Mary Ann Taylor loves the comforts of her hometown in Mercury, Texas. She has a steady job as a waitress in her father's diner, yet she can't help but feel unfulfilled by a life of pouring ...
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Mary Ann Taylor loves the comforts of her hometown in Mercury, Texas. She has a steady job as a waitress in her father's diner, yet she can't help but feel unfulfilled by a life of pouring coffee and grilling hamburgers. Mary Ann's real passion is photography, but pursuing her dream of becoming a photographer means leaving Mercury behind. Despite her desperation to expand her horizons, Mary Ann hesitates to leave because of her mother's declining health and because of her new romance with Jack Parker. Jack is a mechanic who just returned to town after realizing the cruelties of the outside world. He experienced big-city living first-hand and wants nothing more than to settle down back home. But Jack and Mary Ann soon find that cruelties exist in their own little town when Jack discovers that his sister Nancy is being brutally beaten and routinely abused by her husband Les. While Jack struggles with how to help Nancy, Mary Ann is faced with a crucial choice about her future: stay in ... Written by
You could leave him.
He'd find me.
Change your name.
Go on, pick one! Pick a new name. Pick a name, any name. Come on.
Oh... uh. I can't think of any.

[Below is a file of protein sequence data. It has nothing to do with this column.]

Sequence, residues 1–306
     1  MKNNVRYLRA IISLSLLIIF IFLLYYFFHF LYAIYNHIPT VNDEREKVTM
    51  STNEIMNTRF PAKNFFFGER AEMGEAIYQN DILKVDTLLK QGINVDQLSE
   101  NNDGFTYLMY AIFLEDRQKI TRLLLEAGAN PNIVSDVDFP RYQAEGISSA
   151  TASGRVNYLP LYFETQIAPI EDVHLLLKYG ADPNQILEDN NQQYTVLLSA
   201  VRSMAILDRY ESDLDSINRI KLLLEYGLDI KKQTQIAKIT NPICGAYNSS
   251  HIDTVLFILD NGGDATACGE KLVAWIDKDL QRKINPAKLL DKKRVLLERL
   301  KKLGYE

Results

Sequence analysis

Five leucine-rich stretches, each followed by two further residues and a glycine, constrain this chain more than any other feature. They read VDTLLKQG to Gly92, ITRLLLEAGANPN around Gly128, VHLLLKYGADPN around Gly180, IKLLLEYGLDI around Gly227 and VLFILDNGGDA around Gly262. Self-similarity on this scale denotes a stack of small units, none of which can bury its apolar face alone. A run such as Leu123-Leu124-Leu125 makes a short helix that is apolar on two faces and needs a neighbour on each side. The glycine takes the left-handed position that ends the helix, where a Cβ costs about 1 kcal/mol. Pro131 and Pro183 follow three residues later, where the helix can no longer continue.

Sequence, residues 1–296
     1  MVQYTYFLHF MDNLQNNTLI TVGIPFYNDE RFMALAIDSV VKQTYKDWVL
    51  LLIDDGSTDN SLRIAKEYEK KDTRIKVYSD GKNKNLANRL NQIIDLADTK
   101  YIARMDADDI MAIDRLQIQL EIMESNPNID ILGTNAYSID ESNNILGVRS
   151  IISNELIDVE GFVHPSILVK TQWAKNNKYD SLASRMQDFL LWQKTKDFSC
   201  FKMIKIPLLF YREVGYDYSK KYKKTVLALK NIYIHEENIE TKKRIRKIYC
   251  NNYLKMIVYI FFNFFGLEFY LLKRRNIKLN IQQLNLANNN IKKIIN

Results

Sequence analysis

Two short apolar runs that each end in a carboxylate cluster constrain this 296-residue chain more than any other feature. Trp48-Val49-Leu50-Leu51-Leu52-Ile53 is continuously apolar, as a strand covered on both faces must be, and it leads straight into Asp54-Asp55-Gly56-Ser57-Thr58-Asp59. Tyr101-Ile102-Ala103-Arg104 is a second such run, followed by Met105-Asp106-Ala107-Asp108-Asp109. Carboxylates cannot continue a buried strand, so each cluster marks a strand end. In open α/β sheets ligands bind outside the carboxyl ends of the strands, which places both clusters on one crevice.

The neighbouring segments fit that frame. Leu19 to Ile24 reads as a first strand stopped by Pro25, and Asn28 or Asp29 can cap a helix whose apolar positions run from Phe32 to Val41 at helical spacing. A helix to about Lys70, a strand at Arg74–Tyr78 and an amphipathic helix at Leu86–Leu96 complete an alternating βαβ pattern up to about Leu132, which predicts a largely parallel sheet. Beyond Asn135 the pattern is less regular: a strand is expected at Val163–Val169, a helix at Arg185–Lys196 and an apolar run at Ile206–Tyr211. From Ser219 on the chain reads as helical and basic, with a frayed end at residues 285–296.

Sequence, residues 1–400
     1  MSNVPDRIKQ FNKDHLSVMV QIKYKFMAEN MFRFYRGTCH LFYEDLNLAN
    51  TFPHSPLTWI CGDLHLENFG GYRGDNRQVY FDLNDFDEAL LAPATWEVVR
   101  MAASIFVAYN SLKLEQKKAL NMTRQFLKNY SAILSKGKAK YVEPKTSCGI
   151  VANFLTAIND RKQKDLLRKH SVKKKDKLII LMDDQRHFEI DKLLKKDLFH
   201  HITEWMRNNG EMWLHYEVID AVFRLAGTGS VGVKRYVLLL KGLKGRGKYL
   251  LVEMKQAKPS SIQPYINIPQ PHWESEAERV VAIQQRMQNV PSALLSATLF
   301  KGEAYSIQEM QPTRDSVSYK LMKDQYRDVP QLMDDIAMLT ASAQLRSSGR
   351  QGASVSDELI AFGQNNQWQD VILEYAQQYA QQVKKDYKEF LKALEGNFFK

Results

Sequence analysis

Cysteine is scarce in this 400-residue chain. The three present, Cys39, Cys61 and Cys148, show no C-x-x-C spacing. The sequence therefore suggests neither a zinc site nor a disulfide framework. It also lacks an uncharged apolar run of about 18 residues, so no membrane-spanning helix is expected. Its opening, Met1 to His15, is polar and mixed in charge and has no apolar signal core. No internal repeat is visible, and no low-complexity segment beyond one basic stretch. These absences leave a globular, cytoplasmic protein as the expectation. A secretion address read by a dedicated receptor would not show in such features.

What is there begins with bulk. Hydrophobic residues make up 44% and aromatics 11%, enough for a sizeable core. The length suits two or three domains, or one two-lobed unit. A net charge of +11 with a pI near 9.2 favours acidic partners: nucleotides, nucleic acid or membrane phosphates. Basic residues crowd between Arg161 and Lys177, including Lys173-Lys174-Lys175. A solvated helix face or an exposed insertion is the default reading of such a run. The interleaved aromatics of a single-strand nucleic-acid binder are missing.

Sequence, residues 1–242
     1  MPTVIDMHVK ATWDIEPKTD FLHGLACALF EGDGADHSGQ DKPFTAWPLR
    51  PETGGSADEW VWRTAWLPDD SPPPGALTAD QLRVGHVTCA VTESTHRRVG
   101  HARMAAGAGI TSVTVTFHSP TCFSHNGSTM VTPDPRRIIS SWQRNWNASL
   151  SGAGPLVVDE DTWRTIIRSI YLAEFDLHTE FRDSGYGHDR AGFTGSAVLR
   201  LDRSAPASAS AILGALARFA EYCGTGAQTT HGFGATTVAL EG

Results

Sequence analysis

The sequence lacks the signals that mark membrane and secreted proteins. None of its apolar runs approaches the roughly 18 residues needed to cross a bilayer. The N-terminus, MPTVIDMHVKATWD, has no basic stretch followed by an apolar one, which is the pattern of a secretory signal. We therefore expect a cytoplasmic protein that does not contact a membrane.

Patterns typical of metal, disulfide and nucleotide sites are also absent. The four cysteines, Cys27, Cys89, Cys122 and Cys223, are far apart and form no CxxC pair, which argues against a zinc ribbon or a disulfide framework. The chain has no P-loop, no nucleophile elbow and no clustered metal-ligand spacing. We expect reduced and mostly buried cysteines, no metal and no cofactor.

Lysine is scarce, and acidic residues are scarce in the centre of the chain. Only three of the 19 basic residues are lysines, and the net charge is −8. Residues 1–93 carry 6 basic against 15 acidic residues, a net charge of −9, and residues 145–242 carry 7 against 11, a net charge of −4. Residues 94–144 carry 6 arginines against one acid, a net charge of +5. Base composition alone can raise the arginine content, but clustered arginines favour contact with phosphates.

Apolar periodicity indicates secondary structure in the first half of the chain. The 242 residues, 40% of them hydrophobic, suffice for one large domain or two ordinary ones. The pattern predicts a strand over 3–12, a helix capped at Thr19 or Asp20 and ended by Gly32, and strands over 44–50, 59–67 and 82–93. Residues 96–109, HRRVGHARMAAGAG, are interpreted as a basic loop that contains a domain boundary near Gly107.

How about Laura?
Oh, God! That's worse than the one I've got!
Hey, what's wrong with your name? It's beautiful just like you are. You're beautiful.
[cradles her face in his hands. Nancy suddenly bursts into tears]
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OK drama with an outstanding performance by Dianne Wiest
On the IMDb message board of The Sweet Hereafter, a writer asked users what was the most bone chilling moment in a film. I mentioned the little seen, small town drama Independence Day (a.k.a.: Follow Your Dreams, and not to be confused with the 1996 sci-fi blockbuster). Although Kathleen Quinlan and David Keith were the leads, I thought their somewhat interesting but not very compelling small-town romance was overshadowed by a subplot that could have been a main story in another movie.
As Keith's suicidal and physically-abused sister, Dianne Wiest gave a heartbreaking performance. The dramatic decision she makes that directly affects her abusive husband (Cliff DeYoung, who also does a great job with his despicable character) and indirectly affects the lead characters, definitely chilled my bones.
Weist's performance here was three years before her first of three supporting Oscar nominations, with 2 wins for Hannah and Her Sisters and Bullets Over Broadway.
Although I had mixed feelings for Independence Day, I would recommend checking out the movie for Dianne Wiest's outstanding supporting performance.
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